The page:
Microbiology & Immunology Cross Appointed Faculty
Anthony J. Infante, M.D., Ph.D.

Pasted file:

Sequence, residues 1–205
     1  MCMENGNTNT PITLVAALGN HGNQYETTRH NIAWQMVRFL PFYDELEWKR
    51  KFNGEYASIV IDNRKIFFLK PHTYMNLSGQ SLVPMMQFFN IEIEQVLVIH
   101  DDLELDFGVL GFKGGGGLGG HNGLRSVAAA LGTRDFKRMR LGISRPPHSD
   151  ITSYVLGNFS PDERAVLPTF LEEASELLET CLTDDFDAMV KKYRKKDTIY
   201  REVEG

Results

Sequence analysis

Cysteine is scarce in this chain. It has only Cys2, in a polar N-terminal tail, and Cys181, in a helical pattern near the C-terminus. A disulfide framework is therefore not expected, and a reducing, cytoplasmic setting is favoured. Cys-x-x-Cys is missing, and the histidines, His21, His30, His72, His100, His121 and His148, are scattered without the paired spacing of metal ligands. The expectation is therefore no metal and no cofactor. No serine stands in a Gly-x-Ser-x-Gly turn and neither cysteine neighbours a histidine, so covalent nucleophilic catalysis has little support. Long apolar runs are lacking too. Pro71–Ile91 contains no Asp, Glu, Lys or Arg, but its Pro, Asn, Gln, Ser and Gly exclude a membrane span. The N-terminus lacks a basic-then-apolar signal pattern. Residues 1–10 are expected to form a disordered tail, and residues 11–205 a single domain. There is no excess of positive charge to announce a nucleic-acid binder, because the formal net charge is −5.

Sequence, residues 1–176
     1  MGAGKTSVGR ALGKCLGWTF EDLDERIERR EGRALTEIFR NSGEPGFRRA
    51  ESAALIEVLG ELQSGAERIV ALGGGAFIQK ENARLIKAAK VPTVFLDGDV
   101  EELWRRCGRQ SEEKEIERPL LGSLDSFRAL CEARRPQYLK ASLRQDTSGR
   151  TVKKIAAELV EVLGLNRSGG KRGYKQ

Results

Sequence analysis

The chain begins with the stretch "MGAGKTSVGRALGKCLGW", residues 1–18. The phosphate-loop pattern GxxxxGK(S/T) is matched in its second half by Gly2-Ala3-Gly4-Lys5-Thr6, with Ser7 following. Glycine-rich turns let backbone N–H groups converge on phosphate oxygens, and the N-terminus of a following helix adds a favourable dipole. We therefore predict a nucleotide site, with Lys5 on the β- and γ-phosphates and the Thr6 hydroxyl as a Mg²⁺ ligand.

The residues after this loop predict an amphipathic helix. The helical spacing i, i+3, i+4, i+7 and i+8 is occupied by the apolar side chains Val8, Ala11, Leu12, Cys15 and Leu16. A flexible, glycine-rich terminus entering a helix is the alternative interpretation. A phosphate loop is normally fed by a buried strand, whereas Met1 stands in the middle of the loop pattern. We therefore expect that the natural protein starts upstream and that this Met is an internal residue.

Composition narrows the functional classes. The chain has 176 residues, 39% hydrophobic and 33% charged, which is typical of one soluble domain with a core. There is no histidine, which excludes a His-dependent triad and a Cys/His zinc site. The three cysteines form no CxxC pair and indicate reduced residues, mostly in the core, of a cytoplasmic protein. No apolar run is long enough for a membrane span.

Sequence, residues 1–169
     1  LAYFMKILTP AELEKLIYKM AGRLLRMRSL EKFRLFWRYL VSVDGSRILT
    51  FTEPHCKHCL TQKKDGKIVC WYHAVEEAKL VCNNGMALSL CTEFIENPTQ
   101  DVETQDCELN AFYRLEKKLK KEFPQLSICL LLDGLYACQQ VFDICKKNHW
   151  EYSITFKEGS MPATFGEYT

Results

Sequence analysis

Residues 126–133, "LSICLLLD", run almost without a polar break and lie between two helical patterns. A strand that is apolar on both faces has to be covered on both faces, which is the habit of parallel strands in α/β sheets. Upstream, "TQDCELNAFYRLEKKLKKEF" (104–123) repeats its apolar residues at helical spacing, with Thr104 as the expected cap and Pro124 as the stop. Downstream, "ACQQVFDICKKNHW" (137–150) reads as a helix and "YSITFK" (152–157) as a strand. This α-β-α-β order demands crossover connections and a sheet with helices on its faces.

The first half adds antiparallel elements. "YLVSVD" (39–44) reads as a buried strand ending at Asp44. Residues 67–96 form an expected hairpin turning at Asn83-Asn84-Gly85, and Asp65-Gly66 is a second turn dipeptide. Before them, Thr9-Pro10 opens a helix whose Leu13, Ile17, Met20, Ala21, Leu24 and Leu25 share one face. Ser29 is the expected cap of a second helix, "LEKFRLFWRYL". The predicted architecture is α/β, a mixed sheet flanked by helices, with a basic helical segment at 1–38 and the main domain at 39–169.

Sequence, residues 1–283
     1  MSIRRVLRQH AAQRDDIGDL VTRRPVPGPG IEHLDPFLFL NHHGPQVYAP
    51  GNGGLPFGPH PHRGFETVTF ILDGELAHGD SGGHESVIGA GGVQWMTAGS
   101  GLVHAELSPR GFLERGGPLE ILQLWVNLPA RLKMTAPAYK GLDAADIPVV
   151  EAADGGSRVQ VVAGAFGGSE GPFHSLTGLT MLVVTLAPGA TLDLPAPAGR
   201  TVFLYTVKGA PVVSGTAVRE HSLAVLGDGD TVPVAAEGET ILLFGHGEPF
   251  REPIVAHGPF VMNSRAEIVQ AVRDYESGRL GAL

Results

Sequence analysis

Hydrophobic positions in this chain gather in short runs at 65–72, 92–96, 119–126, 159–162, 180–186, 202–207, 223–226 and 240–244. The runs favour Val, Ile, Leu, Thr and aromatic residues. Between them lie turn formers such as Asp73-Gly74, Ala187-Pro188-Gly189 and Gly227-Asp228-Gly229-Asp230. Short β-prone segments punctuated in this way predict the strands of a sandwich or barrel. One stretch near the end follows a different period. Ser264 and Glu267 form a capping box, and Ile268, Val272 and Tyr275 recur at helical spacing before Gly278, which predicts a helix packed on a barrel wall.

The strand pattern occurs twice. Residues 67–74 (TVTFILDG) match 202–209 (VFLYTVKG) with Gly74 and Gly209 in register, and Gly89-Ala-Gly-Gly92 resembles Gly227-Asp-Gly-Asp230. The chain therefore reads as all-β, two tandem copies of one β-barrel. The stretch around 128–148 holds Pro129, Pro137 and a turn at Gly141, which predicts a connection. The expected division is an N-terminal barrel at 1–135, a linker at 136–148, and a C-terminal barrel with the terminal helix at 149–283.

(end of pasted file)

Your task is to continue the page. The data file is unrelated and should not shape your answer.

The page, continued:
Thymus-derived lymphocytes (T cells) are critical regulatory cells in immune reactions. Using specific T-cell receptor (TCR) molecules, T cells recognize fragments of foreign antigen complexed with major histocompatibility complex (MHC) molecules on the surface of antigen presenting cells (APC). I. The ability to distinguish foreign antigens from self antigens depends on the expression of specific TCR and MHC molecules and the processing of antigens into fragments. Failure to distinguish self from "non-self" results in autoimmune disease. We are examining the mechanisms of susceptibility and resistance to the autoimmune disease myasthenia gravis (MG). T cells from MG patients and from an animal model of MG are being studied. II. Genes encoding TCR molecules are formed from smaller V, D and J segments through an ordered rearrangement process. The total repertoire of available TCRs is constrained by these processes and is developmentally regulated. We are studying this developmental regulation in normal human infants compared to infants with defects in thymic development (DiGeorge syndrome) and stem cell maturation (SCID).
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